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Posts Tagged ‘Susan Nussbaum’

Ahhh, it’s time for summer camping and summer camps.  Whether your kids are going away by themselves or camping with the family, all kids will have more hours to read for pleasure during the brief weeks we call summer vacation.  To help you find the right books for your “campers”, we have selected our annual summer book picks for kids.  And no matter what your kids are doing, or whether you even have kids yourself, you might want to pick up one or two for yourself.  Enjoy!

Younger Campers

Bo at Ballard Creek by Kirkpatrick Hill (June 2013)  – Fans of the Little House series are going to love this tale of Bo – an orphan adopted by two tough miners in 1920s Alaska.  The illustrations perfectly show both her exuberance and the wide variety of characters who inhabit a hard scrabble mining town in the Alaskan Bush. The prose is delightful as readers learn about mining camps, the hazards of Grizzlies, fourth of July celebrations and how Eskimos, Swedes, Finns, Russians, Creoles and others all mix together to form a town and many extended families.

The Expeditioners by Sarah Stewart Taylor (2012) – We have mentioned this before, but now it is a pick for Vermont’s prestigious DCF award for children’s literature, so we include it again here. This book introduces us to Kit the brain, M.K. the tinkerer, and Zander the brave — three siblings trying to figure out what happened to their father, an acclaimed explorer gone missing, and presumed dead.  Their other problem?  As they work to find their dad, evil government employees are after them.

The Runaway King by Jennifer Nielsen (2013) – The second book in Ms. Nielsen’s Ascendance trilogy, this time Jaron is the legitimate King with enemies all around.  Who can he trust?  What happened to his dearest friend and who is trying to kill him this time?  A truly satisfying installment in this series. The first book – The False Prince is in paperback now, and will cost less to mail if your kids have not yet started this trilogy.

Wonder by R.J. Palacio (2012)I won’t describe what I look like. Whatever you’re thinking, it’s probably worse.” says August Pullman, a boy born with a facial deformity that has prevented him from going to a mainstream school. Finally starting 5th grade at a prep school, he wants nothing more than to be treated as ordinary.  However, his classmates can’t quite let that happen.  The novel starts from August’s point of view, but switches to many others. The characters emerge changed, and you will too.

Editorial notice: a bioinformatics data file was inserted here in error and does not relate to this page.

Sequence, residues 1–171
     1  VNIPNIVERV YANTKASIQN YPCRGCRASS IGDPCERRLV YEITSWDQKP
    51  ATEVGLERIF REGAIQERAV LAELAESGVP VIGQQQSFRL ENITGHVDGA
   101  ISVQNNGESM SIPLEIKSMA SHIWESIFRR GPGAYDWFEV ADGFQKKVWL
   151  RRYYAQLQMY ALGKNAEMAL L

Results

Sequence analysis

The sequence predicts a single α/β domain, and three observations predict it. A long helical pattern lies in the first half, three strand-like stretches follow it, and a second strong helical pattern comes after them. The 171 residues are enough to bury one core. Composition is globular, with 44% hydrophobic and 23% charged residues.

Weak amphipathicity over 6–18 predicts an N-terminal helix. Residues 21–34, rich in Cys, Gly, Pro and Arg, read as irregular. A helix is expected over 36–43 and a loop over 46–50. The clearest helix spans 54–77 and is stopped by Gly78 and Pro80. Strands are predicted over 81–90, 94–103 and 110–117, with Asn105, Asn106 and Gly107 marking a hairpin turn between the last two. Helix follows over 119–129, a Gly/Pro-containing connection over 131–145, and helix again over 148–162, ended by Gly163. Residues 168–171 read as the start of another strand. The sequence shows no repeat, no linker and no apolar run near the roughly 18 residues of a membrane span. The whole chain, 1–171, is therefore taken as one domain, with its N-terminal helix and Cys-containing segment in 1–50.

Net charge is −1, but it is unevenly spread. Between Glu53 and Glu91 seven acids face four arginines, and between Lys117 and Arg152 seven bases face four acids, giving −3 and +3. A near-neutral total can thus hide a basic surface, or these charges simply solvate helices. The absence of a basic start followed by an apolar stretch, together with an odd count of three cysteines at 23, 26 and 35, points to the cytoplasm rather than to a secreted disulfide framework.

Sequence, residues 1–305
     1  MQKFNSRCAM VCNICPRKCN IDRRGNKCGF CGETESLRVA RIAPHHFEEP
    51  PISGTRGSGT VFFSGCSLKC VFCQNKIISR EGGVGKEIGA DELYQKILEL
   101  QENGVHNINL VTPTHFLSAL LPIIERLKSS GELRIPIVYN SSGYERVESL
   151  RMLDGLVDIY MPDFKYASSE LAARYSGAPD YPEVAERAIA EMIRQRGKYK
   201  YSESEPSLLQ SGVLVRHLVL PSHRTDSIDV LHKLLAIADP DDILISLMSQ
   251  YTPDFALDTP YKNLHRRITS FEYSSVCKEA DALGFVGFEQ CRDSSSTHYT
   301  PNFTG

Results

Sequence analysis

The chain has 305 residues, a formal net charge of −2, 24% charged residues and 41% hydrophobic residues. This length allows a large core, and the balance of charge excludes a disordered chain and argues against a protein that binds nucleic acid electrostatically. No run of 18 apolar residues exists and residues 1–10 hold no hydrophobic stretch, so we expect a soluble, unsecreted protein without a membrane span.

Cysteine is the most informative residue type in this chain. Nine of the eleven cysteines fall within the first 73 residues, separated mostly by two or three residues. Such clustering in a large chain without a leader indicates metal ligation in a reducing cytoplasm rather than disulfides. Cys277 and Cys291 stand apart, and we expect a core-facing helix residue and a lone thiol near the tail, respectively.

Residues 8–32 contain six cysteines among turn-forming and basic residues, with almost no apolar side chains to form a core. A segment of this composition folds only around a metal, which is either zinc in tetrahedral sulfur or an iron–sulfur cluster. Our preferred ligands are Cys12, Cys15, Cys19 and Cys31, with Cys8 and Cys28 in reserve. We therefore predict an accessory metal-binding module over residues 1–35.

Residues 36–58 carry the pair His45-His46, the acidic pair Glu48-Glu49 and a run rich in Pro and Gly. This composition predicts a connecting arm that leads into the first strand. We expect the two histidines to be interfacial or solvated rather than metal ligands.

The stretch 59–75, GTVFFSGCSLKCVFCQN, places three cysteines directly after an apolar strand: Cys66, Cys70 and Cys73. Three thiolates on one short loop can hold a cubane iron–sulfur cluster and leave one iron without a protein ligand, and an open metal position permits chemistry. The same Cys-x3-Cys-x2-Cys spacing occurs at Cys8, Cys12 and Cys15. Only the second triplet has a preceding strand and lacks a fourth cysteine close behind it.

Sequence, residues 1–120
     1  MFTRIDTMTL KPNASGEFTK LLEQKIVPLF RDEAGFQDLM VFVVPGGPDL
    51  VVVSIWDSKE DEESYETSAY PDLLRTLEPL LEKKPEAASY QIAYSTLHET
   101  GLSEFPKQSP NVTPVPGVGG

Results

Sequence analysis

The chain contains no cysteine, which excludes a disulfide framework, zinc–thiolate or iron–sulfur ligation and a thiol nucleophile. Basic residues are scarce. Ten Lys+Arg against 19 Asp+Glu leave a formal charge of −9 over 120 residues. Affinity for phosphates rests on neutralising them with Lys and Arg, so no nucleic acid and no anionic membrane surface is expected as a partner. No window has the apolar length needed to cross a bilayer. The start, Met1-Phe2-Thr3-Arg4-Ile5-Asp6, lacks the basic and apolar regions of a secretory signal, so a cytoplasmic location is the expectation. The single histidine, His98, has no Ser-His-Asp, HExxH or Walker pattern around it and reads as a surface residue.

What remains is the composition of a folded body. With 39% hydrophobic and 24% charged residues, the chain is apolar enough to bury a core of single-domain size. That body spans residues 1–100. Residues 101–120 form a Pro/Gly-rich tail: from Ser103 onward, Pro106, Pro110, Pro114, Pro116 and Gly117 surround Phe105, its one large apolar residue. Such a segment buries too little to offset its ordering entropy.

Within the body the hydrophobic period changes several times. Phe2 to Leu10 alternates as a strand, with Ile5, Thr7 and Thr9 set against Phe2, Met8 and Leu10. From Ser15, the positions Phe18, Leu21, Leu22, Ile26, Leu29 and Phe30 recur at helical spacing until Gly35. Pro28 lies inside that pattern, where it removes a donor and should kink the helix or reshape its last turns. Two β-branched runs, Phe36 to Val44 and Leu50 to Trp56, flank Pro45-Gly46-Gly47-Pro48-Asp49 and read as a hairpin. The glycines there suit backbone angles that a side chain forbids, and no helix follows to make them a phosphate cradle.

The Apprentices by Maile Meloy (June 2013)  – This second installment in Ms. Meloy’s Apothecary series takes up where book one left off, with Jane, Benjamin and Pip all having gone their separate ways. Pip stars in a BBC production; Jane is back in the USA with her parents attending boarding school in NH; and Benjamin is traveling with his apothecary father trying to contain the atom bomb, stalled in 1950s Asia.  What this book does well is bringing Cold War history to life, and creating characters readers care about.  Pre-teen readers will also like the romantic complications that occur as the trio reunites to stop evil from taking over the world.  As with Ms. Nielsen’s series, the first book in this exciting trilogy – Apothecary – is in paperback now.

Older Campers/Young Adults

 

Divergent and Insurgent by Veronica Roth (2011) – I finally got around to reading this young adult novel because my niece had it at the beach.  And, while it is impossible to read this without thinking about The Hunger Games, or (as my sister said) without reading it while simultaneously casting the movie in your head, anyone who misses the novelty of The Hunger Games will love this dystopian series, with its heroine Beatrice and her friends Will, Christina and Tobias.

Good Kings Bad Kings by Susan Nussbaum (28 May 2013)  – I really need to remember to look to the PEN/Bellwether prize winners for socially engaged fiction whenever I need a good plot with great writing.  Alternating chapters and narrative voices, this latest winner looks at a “home” for kids with disabilities and their caregivers and their daily lives.  Throughout, you see their dreams and relationships blossom, fall apart and reconstruct.  The author use wry wit and humor to create memorable characters who live on in your head long after you finish reading the last page.  Billed as a young adult novel, adults will love it too.

Eleanor and Park by Rainbow Rowell (2013) – Set during one school year in 1986, this is the story of two star-crossed misfits — both from he wrong side of the tracks and smart enough to know that first love rarely, if ever, lasts, but willing to try anyway. When Eleanor meets Park, you’ll remember your own high school years, riding the school bus, any time you tried to fit in while figuring out who you were and your first love.  I truly believe that when the book ends you will think hard about children from the “other side of the tracks” and from family situations that are less than ideal.

Beautiful Creatures by Garcia and Stohl  (2009) – A gothic romance series for teens.  Lena Duchannes arrives in Gatlin, South Carolina making a statement with her clothes and the fact she lives with her extremely eccentric uncle (think To Kill A Mockingbird’s Boo Radley).  She also is dreading her 16th birthday for a variety of reasons.  Ethan Wate, born and bred in Gatlin, is from a family so established he does not have to worry about fitting in, he worries about getting out.  When they discover the voices they have been hearing in their respective heads are each others, a connection is formed and they work to change Lena’s fate.  Bonus — if you like this book, there are many others in this series.